January 10, 2014
A recent opinion piece in The New York Times describes the unique beauty of ecotones, an environmental term for the border between two habitats where cultures merge — where forest meets grassland or water meets shore. According to the article, people are deeply attracted to these areas of convergence and interaction because the edge is where the action is. Like the periphery’s significance in ecology, the edges we create in our society generate energy and are the places we push things to for the best results — borders between diverse urban communities, schools of thought that intersect and cross-pollinate, and, now, our relationship with technology.
We are living in an ecotone where physical meets digital, where the edge of our offline experience converges with our online one. News from the International Consumer Electronics Show taking place this week provides a case in point. Rather than tablets or smartphones, the “next big thing” may be as unassuming as your morning coffee mug; the latest fashion may be modeling wearable technology.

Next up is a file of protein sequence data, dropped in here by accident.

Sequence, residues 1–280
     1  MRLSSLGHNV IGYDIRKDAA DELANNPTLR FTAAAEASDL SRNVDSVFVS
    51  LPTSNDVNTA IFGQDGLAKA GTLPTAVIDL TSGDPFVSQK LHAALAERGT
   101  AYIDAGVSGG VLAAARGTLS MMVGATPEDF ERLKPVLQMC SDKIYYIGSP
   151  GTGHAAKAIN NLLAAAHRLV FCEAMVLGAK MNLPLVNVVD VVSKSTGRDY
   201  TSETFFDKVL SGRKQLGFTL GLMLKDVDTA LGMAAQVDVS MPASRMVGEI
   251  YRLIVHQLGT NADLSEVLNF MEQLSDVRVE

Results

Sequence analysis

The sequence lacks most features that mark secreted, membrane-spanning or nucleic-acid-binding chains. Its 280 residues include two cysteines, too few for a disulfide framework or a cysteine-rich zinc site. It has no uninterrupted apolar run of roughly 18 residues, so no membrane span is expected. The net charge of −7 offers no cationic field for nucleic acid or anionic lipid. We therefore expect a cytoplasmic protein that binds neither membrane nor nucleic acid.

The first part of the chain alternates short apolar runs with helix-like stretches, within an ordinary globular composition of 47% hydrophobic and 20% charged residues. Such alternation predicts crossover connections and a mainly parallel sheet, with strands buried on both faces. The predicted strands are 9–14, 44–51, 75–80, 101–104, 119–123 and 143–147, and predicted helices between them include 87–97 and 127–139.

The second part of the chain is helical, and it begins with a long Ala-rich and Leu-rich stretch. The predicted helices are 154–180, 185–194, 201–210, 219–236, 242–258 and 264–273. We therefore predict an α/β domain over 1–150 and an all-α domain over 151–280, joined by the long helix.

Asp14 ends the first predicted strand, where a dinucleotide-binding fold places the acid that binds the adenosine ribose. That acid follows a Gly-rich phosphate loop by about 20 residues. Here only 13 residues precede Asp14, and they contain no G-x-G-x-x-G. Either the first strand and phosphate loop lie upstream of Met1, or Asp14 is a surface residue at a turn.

Are we ready to live on the edge? Consumers say yes. Forrester’s Consumer Technographics® data shows that a tenth or more of US online adults are interested in wearing sensor devices on their wrist, embedded into clothing, embedded in jewelry, or as glasses:
Of the top 10 technology trends to watch from 2014 to 2016, my colleague Brian Hopkins notes that one of the most urgent, complex, and important is the convergence of online and offline boundaries. In his recent report, Hopkins says, “Convergence of the physical and digital world is eroding the boundaries that are the basis for many operating assumptions; firms today are ill-prepared to handle the resulting chaos [ . . . ] we are seeing a convergence of digital and physical identities — people are not differentiating who they are online and in person.” Today, the familiar adage “out with the old, in with the new” doesn’t only refer to the New Year; marketers must develop the tactics to keep pace with their customers’ rapidly evolving reality, identity, and expectations.